Within the EU member states alone there are approximately 739million people. Approximately 7.5 million of these people have a disability.
We have created an infographic for your consideration which highlights the main points within this blog.
The need to continuously address the awareness of disabled people and in particular disabled accessibility has never been more prevalent. The statistics below give some indication as to the percentage of people in the UK and Ireland with disabilities.
- There are over 6.9 million disabled people of working age which represents 19% of the working population
- There are over 10 million disabled people in the UK and Ireland, of whom 5 million are over state pension age
- There are two million people with sight problems in the UK and Ireland.
- There are over 770,000 disabled children under the age of 16 in the UK and Ireland. That equates to 1 child in 20
- There are currently 1.3 million disabled people in the UK who are available for and want to work.
Recent Disabled Access Reports
Recent reports have found that the lack of disabled access is still quite prevalent across the UK and Ireland. It was exposed early last week that the UK’s Crossrail project, costing in excess of £14 billion, will not be fully accessible to those who are disabled.
Several Government buildings, one UK building in particular which belongs to the Department of Work and Pensions, have also come under the spotlight recently after it emerged that the access to these buildings was well below the legal standard required of these structures under the Equality Act 2010.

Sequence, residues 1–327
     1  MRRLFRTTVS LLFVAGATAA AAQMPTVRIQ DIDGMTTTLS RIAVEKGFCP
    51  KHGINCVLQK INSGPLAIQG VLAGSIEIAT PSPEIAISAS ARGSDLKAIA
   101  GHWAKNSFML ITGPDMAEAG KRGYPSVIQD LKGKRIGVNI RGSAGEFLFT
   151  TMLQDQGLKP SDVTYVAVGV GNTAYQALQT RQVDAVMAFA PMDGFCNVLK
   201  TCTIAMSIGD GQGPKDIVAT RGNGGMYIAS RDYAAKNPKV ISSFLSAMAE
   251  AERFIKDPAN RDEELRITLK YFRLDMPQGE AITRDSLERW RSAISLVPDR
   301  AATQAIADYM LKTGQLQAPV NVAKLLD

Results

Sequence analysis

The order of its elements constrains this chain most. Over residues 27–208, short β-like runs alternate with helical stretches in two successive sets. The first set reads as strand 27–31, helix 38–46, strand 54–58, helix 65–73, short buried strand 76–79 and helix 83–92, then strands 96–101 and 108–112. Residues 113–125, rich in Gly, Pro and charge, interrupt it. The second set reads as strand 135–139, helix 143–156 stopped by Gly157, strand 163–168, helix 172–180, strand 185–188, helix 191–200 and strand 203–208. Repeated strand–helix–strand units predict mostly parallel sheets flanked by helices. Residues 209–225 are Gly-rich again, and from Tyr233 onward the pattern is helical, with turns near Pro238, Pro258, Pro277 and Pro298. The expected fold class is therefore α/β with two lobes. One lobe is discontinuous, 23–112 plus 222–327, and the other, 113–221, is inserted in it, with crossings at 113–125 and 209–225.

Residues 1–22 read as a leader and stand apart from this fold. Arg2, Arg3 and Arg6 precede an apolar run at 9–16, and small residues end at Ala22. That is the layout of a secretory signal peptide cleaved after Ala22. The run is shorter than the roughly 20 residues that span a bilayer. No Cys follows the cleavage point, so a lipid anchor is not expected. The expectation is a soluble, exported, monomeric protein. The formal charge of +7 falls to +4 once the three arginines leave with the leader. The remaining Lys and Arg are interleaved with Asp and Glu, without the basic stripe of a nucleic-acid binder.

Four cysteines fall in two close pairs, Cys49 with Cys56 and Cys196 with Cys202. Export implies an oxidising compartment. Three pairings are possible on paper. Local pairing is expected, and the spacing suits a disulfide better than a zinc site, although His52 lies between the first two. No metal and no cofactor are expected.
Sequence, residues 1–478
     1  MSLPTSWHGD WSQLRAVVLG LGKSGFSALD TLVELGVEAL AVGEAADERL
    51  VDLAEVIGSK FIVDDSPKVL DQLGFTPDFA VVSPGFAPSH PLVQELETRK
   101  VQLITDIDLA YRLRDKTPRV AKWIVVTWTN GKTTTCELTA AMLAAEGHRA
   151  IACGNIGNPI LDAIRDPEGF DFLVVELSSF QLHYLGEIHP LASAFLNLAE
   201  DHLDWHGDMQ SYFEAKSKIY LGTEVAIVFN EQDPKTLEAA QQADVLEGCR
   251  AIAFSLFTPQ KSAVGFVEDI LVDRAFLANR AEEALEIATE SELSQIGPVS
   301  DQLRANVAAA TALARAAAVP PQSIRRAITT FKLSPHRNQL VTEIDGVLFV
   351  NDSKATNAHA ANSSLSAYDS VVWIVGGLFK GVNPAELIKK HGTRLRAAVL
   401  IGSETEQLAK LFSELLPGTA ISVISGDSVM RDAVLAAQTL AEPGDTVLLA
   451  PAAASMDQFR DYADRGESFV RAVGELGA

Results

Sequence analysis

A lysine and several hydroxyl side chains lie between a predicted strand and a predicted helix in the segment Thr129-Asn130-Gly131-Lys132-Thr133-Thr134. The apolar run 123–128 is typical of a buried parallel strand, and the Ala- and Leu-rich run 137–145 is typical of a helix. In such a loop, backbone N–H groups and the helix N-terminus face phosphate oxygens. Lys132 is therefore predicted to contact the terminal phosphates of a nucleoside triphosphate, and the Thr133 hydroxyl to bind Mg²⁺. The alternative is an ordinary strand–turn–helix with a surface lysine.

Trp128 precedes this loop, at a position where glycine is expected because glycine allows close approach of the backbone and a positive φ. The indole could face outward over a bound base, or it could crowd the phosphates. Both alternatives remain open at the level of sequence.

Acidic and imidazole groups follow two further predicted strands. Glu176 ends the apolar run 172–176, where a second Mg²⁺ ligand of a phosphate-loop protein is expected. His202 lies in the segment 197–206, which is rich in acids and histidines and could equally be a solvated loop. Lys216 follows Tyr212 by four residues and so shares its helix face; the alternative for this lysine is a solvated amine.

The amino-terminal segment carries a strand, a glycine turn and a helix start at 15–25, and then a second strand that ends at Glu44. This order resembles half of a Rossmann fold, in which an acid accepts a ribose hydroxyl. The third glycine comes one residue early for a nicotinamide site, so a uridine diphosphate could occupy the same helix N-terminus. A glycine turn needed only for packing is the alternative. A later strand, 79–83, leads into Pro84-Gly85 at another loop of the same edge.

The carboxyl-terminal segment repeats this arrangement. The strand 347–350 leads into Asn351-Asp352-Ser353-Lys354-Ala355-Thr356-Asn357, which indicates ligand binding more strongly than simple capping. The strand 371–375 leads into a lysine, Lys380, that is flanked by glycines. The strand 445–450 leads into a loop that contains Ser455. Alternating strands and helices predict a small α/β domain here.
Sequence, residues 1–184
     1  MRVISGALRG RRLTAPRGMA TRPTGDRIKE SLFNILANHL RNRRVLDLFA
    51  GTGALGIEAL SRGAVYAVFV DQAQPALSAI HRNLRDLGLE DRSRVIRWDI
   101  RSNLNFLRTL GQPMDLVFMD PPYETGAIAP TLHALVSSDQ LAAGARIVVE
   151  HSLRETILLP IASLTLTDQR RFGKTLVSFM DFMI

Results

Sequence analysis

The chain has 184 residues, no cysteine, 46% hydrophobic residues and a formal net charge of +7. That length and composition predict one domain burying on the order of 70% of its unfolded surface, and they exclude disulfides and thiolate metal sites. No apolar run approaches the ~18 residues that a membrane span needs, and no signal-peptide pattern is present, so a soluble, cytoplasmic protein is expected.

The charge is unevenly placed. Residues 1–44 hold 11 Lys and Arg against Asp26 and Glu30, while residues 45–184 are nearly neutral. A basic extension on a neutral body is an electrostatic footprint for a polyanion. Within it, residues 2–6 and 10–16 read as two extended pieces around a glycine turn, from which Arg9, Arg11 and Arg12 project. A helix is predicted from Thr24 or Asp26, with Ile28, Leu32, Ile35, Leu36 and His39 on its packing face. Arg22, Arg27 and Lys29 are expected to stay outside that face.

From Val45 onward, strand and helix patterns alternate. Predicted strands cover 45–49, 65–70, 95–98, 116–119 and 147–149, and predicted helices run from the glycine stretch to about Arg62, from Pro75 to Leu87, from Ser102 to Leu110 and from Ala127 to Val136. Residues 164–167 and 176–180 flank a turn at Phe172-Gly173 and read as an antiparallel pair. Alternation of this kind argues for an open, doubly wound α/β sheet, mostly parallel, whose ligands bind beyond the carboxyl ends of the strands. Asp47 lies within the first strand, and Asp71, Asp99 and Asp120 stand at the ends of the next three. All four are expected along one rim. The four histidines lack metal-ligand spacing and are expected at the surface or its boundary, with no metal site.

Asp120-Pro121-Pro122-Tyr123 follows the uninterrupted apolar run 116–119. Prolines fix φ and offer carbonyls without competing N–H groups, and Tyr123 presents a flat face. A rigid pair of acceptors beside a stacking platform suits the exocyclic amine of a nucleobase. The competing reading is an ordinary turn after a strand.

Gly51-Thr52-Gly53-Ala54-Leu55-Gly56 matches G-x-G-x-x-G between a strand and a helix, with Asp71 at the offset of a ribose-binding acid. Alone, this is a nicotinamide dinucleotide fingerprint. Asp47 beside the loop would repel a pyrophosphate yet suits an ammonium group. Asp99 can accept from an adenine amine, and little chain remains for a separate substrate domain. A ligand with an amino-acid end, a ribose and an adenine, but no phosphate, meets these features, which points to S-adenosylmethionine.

While most won’t even bat an eyelid at things like narrow doorways, steps, cracked footpaths, little to no disabled parking or lift access, the severe lack of disabled access across both Ireland and the UK poses many problems for both disabled adults and children alike.
The lack of disabled access prevents those who are disabled from completing even the most ordinary of tasks. For example, taking certain train routes, from attaining medical treatment, from working and in certain cases, from receiving an education.
If we look more in depth at the figures above, 1 in every 20 children is disabled within the UK and Ireland. These children do not have the same privileges with regard to access that we enjoy and take for granted each and every day. Children throughout both the UK and Ireland face regular difficulties with regard to accessing school, medical facilities, playgrounds, toy stores, certain neighbourhoods where their friends might be frequent, the list goes on!
They are discriminated against on a regular basis and denied their right to equality under the equality act of 2010 with regard to public access.
Children are not the only ones who are affected. If we look at another of the figures above, over 1.3 million people are disabled and willing to work throughout the UK. Unfortunately, these people are unable to work, not for the want of trying, rather, due again to the lack of disabled access which is prevalent across a wide range of buildings and offices throughout the entire country.
It can be said that the overall lack of disabled access throughout Ireland and the UK is preventing those who are disabled, both young and old, from participating fully in public life.
While the implementation of such acts as the DAA 1995 and the Equality Act of 2010 have enabled those who are disabled or impaired to live a much better quality of life, recent research suggests that there are still many improvements needed in the way we structure our buildings and facilities to accommodate those who may be impaired or disabled.